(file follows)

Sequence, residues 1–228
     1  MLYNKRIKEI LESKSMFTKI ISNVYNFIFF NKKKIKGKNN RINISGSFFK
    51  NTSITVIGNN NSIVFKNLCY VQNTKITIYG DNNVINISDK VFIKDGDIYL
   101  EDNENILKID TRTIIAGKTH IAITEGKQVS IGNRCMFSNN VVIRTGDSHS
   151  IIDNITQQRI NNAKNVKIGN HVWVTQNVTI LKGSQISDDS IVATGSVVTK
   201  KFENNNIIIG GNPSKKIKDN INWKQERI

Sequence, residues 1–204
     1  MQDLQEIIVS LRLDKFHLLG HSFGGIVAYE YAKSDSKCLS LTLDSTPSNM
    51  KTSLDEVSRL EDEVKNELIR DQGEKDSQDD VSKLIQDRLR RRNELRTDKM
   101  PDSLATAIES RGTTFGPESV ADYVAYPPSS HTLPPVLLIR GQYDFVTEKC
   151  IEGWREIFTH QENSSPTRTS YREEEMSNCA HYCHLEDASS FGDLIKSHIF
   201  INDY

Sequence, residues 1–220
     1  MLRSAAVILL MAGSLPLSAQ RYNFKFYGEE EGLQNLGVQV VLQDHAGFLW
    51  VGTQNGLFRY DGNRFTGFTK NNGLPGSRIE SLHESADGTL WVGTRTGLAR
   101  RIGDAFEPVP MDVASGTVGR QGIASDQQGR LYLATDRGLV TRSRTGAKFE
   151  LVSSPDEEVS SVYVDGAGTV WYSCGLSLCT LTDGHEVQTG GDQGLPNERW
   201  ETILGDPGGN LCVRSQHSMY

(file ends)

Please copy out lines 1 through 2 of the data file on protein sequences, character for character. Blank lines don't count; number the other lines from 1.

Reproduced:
Sequence, residues 1–228
     1  MLYNKRIKEI LESKSMFTKI ISNVYNFIFF NKKKIKGKNN RINISGSFFK